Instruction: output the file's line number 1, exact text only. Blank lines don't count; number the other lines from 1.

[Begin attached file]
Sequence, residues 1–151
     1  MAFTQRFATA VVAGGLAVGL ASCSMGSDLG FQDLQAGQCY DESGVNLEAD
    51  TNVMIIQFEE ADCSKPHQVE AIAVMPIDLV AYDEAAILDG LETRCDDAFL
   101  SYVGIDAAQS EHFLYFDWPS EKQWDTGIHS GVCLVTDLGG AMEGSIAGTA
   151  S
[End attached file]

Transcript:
Sequence, residues 1–151